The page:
Once she started her job, she began to understand why her colleagues had no great love for their work. Meetings consumed much of the day. Her boss expected her to be at her desk until 10 at night to draft memos, cables, and talking points for senior officials to read at meetings with Afghans. Nobody wanted her to go out and talk to her Afghan contacts or to soak up the country. They simply wanted responses to their emails right away. Much of what she was asked to do could have been accomplished back in Washington -- at far less cost to American taxpayers. But then she wouldn't have been counted as part of the State Department's "civilian surge," which was intended to dramatically increase the ranks of diplomats and USAID personnel in Afghanistan in tandem with the military's troop surge.
Most of Coish's colleagues also spent all day in their cubicles, hunched over computers. Embassy rules prevented Americans from leaving the compound unless they had official business -- a meeting with an Afghan government official, dinner with a European diplomat, a visit to a U.S.-funded development project -- and even then they had to obtain permission from the security office, which allotted the armored cars in the motor pool. Restaurants and offices had to be on a list of approved locations. Staffers had to identify the people with whom they were meeting and then submit reports upon their return to the embassy compound detailing the substance of their discussions with any citizens of countries listed on the State Department's Security Environment Threat List, which, of course, included Afghanistan. Coish had enough friends outside the embassy to know that the regulations were needlessly onerous. American aid workers and journalists regularly drove around in unarmored Toyota Corollas. Being kidnapped or shot was always a possibility, but Kabul was far safer than Baghdad, especially if you kept a low profile. If it wouldn't have been a firing offense, she would have summoned a taxi to pick her up from Massoud Circle and take her for a night on the town. Every evening brought another invitation: an exhibition at an art gallery, drinks at a journalist's house, dinner with an Afghan tycoon, a party hosted by expatriates working for nongovernmental organizations. She figured all of them were places to glean information. She eventually managed to leave nearly every night, but doing so often required creative obfuscation on her security forms to get an exit pass and an embassy vehicle. If her vehicle ever struck pedestrians or another car, the security office did not want her driver to stop and check on those who had been hit. "Attempt to put as much space between yourself and the accident site as possible," the office urged.
The most powerful person on the embassy compound was not the ambassador but the head of the security office. His goal was to ensure that nobody working for the embassy was killed or wounded, which resulted in a near-zero-risk policy that kept diplomats and USAID officers from doing their jobs most effectively. Meetings and trips could be canceled, often with little notice, if the officer deemed the journey too dangerous, even if it was of vital importance. Reward was rarely balanced against risk. To several staffers, it seemed as if those in the security office didn't share everyone else's goal of winning the war against the Taliban. The security office "has turned us into women and children on the Titanic," one embassy official groused.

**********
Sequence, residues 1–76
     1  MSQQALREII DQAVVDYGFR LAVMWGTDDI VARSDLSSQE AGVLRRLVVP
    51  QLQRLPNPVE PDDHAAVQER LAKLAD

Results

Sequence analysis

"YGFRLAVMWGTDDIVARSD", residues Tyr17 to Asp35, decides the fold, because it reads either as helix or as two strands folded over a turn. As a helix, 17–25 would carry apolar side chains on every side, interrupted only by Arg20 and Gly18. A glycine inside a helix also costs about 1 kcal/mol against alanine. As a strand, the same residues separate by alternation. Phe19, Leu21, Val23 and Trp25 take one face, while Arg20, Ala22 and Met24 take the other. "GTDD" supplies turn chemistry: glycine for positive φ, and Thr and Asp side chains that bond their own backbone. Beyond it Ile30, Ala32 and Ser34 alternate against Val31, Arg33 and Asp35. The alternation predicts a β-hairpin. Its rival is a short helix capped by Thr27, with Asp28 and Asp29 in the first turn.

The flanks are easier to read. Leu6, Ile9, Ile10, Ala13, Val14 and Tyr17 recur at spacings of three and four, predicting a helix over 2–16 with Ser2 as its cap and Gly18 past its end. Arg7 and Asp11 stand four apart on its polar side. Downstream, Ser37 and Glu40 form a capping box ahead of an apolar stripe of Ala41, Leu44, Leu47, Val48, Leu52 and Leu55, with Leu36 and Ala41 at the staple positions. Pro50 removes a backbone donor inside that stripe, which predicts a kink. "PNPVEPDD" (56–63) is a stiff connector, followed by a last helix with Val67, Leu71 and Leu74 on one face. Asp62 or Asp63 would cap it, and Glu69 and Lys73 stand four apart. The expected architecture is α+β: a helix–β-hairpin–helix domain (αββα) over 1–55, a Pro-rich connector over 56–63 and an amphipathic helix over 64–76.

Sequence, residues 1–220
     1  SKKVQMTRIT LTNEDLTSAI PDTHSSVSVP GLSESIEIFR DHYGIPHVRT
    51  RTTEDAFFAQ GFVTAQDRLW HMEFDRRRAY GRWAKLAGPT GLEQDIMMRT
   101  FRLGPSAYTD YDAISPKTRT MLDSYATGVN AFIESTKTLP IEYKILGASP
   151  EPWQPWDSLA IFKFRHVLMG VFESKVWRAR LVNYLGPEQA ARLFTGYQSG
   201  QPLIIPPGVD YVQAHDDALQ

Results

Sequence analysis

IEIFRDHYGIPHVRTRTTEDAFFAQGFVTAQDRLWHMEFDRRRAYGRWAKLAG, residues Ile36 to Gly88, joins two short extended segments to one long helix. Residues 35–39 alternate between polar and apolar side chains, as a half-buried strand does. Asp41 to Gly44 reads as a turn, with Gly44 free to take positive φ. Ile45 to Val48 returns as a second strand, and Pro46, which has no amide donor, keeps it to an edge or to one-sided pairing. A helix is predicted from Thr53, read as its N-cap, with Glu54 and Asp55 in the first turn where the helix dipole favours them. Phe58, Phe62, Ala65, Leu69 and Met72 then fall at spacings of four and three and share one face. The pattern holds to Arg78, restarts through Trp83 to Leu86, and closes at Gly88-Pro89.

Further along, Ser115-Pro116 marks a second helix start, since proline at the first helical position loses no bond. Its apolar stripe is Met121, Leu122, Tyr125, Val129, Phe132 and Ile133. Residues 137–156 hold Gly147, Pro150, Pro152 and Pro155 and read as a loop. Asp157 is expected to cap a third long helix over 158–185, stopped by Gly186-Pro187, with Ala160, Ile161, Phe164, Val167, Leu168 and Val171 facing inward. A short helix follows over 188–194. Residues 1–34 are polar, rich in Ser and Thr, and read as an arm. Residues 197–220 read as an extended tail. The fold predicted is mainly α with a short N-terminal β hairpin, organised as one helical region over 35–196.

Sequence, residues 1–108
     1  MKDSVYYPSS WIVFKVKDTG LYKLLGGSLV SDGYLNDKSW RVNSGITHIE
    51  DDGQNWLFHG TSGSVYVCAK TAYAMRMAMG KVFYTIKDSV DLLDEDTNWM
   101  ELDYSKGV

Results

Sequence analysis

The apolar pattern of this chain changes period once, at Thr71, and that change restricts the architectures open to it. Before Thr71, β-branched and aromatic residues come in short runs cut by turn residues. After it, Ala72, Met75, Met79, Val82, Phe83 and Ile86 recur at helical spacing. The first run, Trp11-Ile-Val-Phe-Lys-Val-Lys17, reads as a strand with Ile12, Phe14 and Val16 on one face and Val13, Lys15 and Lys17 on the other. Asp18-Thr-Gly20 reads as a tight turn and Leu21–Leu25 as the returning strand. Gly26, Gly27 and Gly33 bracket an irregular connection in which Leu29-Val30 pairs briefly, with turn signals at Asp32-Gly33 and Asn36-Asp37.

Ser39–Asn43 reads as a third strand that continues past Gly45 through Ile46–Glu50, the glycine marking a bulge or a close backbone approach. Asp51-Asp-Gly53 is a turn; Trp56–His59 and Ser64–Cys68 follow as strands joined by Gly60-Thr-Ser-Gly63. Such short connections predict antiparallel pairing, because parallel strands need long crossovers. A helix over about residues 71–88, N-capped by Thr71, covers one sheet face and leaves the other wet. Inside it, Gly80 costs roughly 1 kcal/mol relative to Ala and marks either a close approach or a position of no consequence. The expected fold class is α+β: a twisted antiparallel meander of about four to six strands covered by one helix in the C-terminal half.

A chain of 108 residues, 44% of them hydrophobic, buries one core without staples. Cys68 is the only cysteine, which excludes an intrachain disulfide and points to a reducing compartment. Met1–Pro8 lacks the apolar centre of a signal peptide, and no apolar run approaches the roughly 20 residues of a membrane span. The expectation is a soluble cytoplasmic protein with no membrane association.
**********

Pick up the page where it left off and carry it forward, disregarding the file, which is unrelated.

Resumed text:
A near-daily flurry of alarmist warnings from the security office sowed fear among embassy staffers: A suicide car bomber was driving around the city looking for Americans to target; a crowd of disabled veterans was protesting in the circle, causing dangerous traffic jams; Afghans posing as visa seekers planned to attack one of the checkpoints. The security office sent embassy-wide emails urging everyone to keep a copy of the DS-3088 Bomb Threat Report Form near their telephones. "In the event that a threatening call is received," the office wrote, the employee "should calmly begin taking notes on the form, obtaining as much information as possible and asking the questions contained therein." Some staffers took to traveling from the embassy to the USAID compound by an underground tunnel, even though the street was blocked off for 200 yards in either direction. Most of Coish's colleagues assumed that she was risking near-certain death or abduction by hopping the wall every night. An FBI agent whom she met in the dining hall became so concerned about her travels that he eventually grabbed her mobile phone, pulled out the battery, and copied down the serial number -- so his buddies could track her if she was kidnapped.
For those who lacked paranoia or Coish's gift for bending the rules, there were furloughs every few months sponsored by the embassy's morale officer. The offers came by email.
One began with the tantalizing subject line "Magical Mystery Excursion!" It opened with a picture of a caged dog and two other forlorn mutts.
Do you wonder what Afghanistan is really like?
Worried that you'll never see anything except the airport?
Are your only photographs of sandbags?
Then respond quickly.
It ended with three photos of frolicking dogs.
There were only 15 spaces. All were claimed within a minute. The destination, it turned out, was the Gardens of Babur, a historic park in Kabul that hundreds of Afghan families strolled through every weekend. The embassy personnel were escorted by Filipino contract security guards.